How Diwali is celebrated in Karachi
How Diwali is celebrated in Karachi | JogiAsadRajpar
Diwali main theme is the triumph of light over darkness, good over evil and knowledge over idiocy.
Diwali is derived from Sanskrit language word Dipavali which means a row of lamps. Diwali is also known as Deepavali, Diyari (Dip wari). It is primarily a Hindu festival celebrated every autumn every year by millions of Hindus, Sikhs, and Jain around the globe and they also celebrate it for various reasons.
Diwali symbolizes the spiritual "victory of light over darkness, good over evil and knowledge over ignorance. In the Gregorian calendar, the festival generally falls between mid-October and mid-November, however, the date changes each year it's calculated as per the position of the moon and the Hindu lunar calendar.
People celebrate Diwali with joy and temples, homes, shops and offices decorated with candles and glowing lights and gigantic firework exhibited, while families’ nosh-up is arranged and people share gifts with each other.
Diwali rituals are celebrated five consecutive days, and the third night day is coinciding with the darkest night of Hindu lunisolar month of Kartika.
What is the festival of lights – and how is it celebrated in Karachi?
Diwali is the festival of lights; it’s the most significant festival in Indian Culture. Fireworks are exhibited; prayers and celebratory events are organized around the world by the Hindus.
While each and every faith followers have their own reasons to celebrate the festival, one of the most prominent stories told is the legend of Lord Rama and his wife Sita arrival to their kingdom in northern India from their exile after defeating the devil King Ravanna in 15th century BC.
Hindus comprise approximately 1.92% of Pakistan's population and there are approximately 5 million Hindus living in Pakistan. Most of the Hindus population is in Sindh province of Pakistan and there is a very tiny number of populations of Hindus in other parts of Pakistan.
How Diwali is celebrated in Karachi
Diwali celebrated with enormous joy and Diya (a small lamp), lightings, home decoration, fireworks, especial Puja (prayers), sharing gifts, food-gala and sweets are distributed, Pakistani flaglets flapped in the backdrop on the observance days.
The ritual of the festival lasts for three to five consecutive days. The first day of Diwali is called Dhaneteras, on this day people buy gold and other items. The next day in the early morning worship rituals performed in homes to pay tribute to Lakhsmi Devi (Goddess of wealth).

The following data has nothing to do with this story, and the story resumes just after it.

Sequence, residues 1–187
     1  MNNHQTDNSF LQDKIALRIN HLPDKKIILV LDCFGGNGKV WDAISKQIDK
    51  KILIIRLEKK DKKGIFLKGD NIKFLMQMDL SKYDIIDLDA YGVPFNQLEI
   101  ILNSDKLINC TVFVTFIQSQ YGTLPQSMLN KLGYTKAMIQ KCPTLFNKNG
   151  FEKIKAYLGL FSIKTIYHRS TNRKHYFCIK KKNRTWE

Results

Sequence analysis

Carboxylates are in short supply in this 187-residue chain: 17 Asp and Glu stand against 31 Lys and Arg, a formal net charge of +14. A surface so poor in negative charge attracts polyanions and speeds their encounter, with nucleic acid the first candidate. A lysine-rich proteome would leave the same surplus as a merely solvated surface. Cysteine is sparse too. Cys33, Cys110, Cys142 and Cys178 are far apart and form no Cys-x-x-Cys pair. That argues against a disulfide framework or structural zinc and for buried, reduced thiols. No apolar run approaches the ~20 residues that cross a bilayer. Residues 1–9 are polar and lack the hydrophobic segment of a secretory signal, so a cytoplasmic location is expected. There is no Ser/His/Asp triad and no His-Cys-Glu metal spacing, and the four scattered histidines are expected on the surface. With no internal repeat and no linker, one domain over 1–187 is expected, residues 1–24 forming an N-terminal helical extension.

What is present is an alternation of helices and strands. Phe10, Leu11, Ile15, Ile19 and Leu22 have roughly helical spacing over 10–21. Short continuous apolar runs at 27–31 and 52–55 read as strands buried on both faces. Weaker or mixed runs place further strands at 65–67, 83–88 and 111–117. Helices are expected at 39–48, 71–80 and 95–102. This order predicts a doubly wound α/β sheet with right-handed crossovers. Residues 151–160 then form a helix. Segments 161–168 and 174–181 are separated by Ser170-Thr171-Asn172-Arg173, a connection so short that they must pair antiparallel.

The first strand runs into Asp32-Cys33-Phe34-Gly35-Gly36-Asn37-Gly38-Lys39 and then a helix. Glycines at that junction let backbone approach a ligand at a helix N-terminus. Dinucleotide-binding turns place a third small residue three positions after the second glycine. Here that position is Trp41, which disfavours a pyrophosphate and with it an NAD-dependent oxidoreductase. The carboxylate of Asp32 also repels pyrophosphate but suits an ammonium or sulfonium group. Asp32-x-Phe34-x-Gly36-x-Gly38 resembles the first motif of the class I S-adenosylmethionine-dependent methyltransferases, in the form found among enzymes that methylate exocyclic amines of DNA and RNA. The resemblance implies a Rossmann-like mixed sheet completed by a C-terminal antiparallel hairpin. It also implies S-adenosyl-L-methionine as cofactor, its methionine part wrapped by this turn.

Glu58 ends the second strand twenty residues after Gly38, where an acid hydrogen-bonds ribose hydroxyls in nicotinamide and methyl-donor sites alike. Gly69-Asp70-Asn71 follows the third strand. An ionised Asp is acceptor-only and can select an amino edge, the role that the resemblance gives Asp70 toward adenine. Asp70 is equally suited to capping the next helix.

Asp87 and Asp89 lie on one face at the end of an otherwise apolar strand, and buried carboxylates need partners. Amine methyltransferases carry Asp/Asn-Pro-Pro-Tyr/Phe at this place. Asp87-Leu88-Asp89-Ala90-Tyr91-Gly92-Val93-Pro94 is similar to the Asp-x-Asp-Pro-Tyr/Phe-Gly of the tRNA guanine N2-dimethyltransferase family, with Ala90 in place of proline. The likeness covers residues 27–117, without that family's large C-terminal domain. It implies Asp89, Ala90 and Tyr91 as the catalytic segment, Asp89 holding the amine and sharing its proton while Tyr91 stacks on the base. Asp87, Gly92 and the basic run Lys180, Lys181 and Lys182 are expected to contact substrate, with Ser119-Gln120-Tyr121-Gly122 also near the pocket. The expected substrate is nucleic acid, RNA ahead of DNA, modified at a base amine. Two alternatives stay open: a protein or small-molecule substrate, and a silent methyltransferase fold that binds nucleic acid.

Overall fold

In the evening, people go out to their friends, families where they share sweets with them.
Where Diwali is celebrated in Karachi
The Shri SwaminarayanMandir, Karachi: The biggest Hindu temple in Karachi, located
Bunder road; Built-in 1849 The Shri Swaminarayan Mandir (temple) is the sole Swaminarayan temple in Pakistan, and, this the temple belongs to NarNarayan Dev Gadi of Swaminarayan Samady.
People dressed with apparels having hues of red, yellow and saffron colors makes queues to pray inside the temple
Near the corridors of the temple, children and young people light up firecrackers depicting colorful trial in the night sky.
People draw beautiful and amazing Rangoli (a type of handmade colorful pattern) on the floor with sand, rice and flower petals.
In the evening of Diwali, People kindle clay lamps (Diyo, Diya), make Rangoli and pray to Lakshmi Devi (the goddess of wealth and prosperity).
Narayanpura home to Hindus, Sikhs and Christian’s located congested neighborhood in Ranchor Lines is another place where people celebrate Diwali. Here people regardless of religious or creed differences indulge to participate in the happiest festivities.
Diwali message by politicians
Sometimes ago when there was no bunch of media outlets in Pakistan, however, in recent years Hindu festivals in Pakistan are getting enormous media coverage with considerate attention and this is how our Hindu brothers are getting greetings with more attention which they deserve.
Sindh is the land of Sufism, peace, tolerance, and tranquility. Festivals are the reason for joy and regardless of social and religious differences celebration is naturally adaptable by each human being. In Pakistan especially in Sindh many Muslims who reside with Hindus in Sindh celebrate and send wishes, gifts of Diwali festival with their Hindu brothers. Each year Government of Sindh announces a public holiday on the occasion of Diwali.
Read more about the Shri Swaminarayan Mandir on Wikipedia